Alternative Assessment Methods for the Online Classroom

Tests and quizzes are often the primary means of assessing online learner performance; however, as Rena Palloff and Keith Pratt, online instructors and coauthors of numerous online learning books, including Lessons from the Virtual Classroom: The Realities of Online Teaching (2013), point out, there are more effective and less problematic alternatives.

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Tests and quizzes are often the primary means of assessing online learner performance; however, as Rena Palloff and Keith Pratt, online instructors and coauthors of numerous online learning books, including Lessons from the Virtual Classroom: The Realities of Online Teaching (2013), point out, there are more effective and less problematic alternatives.

They cite three significant drawbacks of test and quizzes:

 

 

Authentic, learner-centered, collaborative assessment alternatives

Alternative assessment methods such as writing assignments, collaborative assignments, case studies, and debates can avoid the problems often associated with tests and quizzes. “There are many ways to approach assessment. It depends on the context of the course. When we teach faculty how to teach online, we try to give them a taste of a majority of those methods. I don't know that we can cover all of them in one course, but there are multiple ways to get at the issues and make this a real-life situation for the students so they can actually learn from the process,” Pratt says.

Palloff and Pratt recommend selecting assessment methods that are learner-centered and authentic.

Learner-centered assessment methods address whether the learner has met the learning outcomes of the course as well as how the learner got there. “A learner-centered assessment is an assessment that links what the student is learning in the course to the assessment process,” Palloff says.

Authentic assessment methods can reduce cheating. One way to make assignments more authentic and less susceptible to cheating is to have students embed their own experiences in their assignments. “For example, if they are writing about human development, you can have them write about their own development. They're writing about themselves, and that is very difficult to buy through a paper mill or to plagiarize,” Palloff says.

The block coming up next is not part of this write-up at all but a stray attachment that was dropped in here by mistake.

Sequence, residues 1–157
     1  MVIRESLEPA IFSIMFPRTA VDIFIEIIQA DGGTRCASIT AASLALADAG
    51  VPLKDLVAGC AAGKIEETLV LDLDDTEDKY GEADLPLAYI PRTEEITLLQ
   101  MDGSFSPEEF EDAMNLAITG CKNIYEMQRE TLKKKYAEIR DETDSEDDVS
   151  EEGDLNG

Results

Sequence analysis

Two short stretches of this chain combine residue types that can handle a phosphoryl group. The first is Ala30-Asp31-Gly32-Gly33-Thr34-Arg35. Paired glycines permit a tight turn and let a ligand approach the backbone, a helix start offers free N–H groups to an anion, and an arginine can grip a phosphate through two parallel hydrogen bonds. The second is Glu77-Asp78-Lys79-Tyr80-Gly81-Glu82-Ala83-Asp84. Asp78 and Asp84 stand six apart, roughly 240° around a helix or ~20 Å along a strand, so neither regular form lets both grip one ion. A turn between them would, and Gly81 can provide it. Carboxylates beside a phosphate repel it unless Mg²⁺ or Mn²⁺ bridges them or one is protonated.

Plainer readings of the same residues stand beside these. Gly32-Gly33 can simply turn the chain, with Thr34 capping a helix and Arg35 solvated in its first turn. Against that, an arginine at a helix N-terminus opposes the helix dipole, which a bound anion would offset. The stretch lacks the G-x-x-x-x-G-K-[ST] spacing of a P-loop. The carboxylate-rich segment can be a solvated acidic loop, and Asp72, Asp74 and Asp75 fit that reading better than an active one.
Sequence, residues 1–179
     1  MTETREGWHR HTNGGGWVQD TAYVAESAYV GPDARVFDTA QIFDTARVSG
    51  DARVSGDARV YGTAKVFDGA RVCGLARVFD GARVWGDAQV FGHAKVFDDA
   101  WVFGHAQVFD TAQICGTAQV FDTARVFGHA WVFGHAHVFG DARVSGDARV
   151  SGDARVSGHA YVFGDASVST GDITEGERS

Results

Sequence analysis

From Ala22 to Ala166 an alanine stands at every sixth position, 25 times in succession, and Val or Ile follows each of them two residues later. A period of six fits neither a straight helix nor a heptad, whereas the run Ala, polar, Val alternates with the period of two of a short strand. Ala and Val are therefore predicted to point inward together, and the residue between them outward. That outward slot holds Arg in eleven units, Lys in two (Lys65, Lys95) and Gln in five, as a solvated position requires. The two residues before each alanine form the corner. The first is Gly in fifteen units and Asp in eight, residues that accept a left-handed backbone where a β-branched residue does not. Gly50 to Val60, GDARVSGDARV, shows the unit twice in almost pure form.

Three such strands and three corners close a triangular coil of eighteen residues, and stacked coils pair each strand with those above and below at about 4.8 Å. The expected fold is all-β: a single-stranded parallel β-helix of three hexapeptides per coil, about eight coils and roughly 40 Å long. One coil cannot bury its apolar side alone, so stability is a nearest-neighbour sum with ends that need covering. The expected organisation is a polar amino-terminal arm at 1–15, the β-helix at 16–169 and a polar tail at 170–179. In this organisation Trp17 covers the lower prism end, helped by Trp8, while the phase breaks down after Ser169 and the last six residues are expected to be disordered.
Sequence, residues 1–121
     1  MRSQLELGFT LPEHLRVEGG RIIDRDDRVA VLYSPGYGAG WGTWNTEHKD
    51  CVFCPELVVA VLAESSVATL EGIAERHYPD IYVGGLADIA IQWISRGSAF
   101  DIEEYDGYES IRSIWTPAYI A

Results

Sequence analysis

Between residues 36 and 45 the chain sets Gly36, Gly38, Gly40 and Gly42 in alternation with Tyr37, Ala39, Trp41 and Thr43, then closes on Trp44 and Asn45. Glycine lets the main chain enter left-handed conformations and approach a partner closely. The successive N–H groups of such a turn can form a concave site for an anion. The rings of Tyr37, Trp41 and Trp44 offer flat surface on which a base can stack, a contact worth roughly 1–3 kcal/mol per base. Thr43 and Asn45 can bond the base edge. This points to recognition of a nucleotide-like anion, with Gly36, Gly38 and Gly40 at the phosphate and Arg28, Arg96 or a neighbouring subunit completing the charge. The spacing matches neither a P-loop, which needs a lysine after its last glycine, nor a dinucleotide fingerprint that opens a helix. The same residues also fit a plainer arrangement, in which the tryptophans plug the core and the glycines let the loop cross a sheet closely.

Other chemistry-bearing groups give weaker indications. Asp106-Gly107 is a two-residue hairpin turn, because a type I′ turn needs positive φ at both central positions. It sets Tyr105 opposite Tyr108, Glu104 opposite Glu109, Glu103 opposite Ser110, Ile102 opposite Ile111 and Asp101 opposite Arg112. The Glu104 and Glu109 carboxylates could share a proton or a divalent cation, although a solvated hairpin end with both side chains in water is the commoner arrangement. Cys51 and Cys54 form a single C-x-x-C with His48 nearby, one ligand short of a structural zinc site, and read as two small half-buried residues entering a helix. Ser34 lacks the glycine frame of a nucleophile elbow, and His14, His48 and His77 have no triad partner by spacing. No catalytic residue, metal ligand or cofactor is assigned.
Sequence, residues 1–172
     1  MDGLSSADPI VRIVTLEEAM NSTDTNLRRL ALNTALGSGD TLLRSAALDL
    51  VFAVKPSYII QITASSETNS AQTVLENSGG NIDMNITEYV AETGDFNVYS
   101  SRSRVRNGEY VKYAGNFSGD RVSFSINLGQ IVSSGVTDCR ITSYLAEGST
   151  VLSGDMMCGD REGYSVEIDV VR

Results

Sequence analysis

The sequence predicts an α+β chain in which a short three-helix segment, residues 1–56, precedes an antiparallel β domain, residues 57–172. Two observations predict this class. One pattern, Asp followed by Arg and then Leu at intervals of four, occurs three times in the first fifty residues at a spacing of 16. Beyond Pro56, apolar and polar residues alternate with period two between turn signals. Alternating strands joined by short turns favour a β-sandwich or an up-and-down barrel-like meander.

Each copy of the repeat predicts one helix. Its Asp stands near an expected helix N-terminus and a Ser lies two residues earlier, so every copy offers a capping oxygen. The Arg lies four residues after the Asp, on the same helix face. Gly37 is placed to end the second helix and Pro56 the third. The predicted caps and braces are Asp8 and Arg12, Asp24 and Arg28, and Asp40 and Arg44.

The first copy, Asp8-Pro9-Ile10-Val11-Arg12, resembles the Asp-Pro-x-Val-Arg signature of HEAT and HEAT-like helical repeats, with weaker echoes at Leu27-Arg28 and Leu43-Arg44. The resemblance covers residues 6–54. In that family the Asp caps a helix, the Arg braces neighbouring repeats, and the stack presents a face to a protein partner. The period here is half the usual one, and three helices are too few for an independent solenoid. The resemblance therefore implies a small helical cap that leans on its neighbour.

Mobile technology is one way to incorporate authentic assessment into a course. For example, one of Pratt's doctoral students uses mobile phones in a 12th-grade calculus course he teaches. Students record themselves working on problems. “This allows them to move around. They can get creative. It challenges them to do a multitude of things on different levels and they're learning calculus in the process,” Pratt says.

Palloff also uses mobile technology for authentic assignments. As part of a final project in a community health care course, she has students prepare a brief proposal to their communities about the development of a particular health service. Students then go out and interview community members and record the interviews using cell phones. “There are lots of ways to use the technologies that are available to us to enhance those kinds of products. Students can then post those online so that other students can see them and give them feedback in addition to the instructor's evaluation,” Palloff says.   

When students do collaborative assignments, they should be assessed collaboratively, Palloff and Pratt say. Collaborative assessment is a combination of students assessing themselves and one another and the instructor taking that input and doing the final assessment. In addition to providing a basis for a grade, these collaborative assessments provide useful insights on what worked and what didn't work on an assignment, which Palloff and Pratt debrief with students so that they can reflect on what they might do differently the next time.

Appropriate uses of tests and quizzes

When used sparingly and properly designed, tests and quizzes can be useful assessment methods, Palloff and Pratt say. 

Rather than relying on anti-cheating technologies or proctors, they recommend using open-book tests and quizzes “because students are going to have their text material available, and if they are working online they can look things up on Google,” Palloff says. “There are all kinds of ways that they can gather information, and, the truth is, in the real world if the student comes up against a problem or an issue that they don't have the answer to, they're going to look it up or ask someone. So if you construct your tests and quizzes that way you're actually teaching students some skills that they're going to use when they get out of school.”

The questions in an open-book test or quiz need to be complex and require students to know the material and know where to look if they are uncertain about something. When open-book tests or quizzes are well designed, students who don't do the work will not be able to do well on them even with an open book.

On August 6 Rena Palloff and Keith Pratt will lead the Magna Online Seminar Assessment Alternatives for Your Online Courses. For information, see www.magnapubs.com/catalog/assessment-alternatives-for-your-online-courses/.